Cowrie travels to Punalu'u, Hawaii, where her grandfather lived and meets her extended family. She is attracted by the power of Pele, who breathes fire from the pit of Kiluaea. As she circles the island in an old pick up truck we discover that the tokens of her heritage link her mysteriously to Laukiamanuikahiki, turtle woman.
Cowrie, Paneke and Koana are in the steamhouse after lomilomi treatment: "As the steam thins, the window facing them slowly emerges revealing Pele on her fiery path down to the ocean. Her flaming hair trails down her back and over the slopes of Kiluaea, sparking into sizzling waves as it hits the ocean...a woman emerges through the mist, riding the surf, her hair trailing in the sea. A wave circles over her head and she looks both frightened and elated to be surging through the ocean. Cowrie squints. Steam obscures her vision. When it rises, she makes out a small head in front of the woman. She is riding a sea turtle."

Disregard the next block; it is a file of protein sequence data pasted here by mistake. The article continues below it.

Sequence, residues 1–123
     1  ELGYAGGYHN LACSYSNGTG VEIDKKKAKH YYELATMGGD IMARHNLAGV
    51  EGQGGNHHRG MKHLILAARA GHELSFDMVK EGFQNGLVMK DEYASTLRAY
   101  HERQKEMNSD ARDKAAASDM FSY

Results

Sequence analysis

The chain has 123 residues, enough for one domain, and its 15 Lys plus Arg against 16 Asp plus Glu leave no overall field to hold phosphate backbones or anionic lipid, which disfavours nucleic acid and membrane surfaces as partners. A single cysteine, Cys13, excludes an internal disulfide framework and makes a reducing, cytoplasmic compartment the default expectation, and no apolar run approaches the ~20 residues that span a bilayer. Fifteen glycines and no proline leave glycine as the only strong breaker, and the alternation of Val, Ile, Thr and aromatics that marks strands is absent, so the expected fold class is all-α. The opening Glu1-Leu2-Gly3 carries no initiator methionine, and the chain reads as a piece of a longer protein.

Sensual and sexual language draw life from the earth and ocean, and Cowrie too, as she tests the limits of her endurance and explores an erotic connection with land and sea. Island life erupts through these descriptions: we can taste the tropical fruit, the fish cooked in banana leaves and coconut, and smell the sweet fresh ginger.
"There is freshness, humour and honesty in the writing ... It both charms and enlightens." --"Canberra Times"